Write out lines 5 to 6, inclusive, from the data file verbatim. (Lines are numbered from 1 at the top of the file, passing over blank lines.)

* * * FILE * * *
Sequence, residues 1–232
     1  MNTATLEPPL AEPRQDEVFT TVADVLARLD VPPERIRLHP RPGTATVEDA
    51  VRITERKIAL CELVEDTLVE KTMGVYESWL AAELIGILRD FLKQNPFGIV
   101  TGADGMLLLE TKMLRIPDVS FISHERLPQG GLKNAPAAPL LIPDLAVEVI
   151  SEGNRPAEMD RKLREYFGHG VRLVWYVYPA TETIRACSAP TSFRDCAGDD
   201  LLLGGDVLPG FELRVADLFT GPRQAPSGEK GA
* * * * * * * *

   151  SEGNRPAEMD RKLREYFGHG VRLVWYVYPA TETIRACSAP TSFRDCAGDD
   201  LLLGGDVLPG FELRVADLFT GPRQAPSGEK GA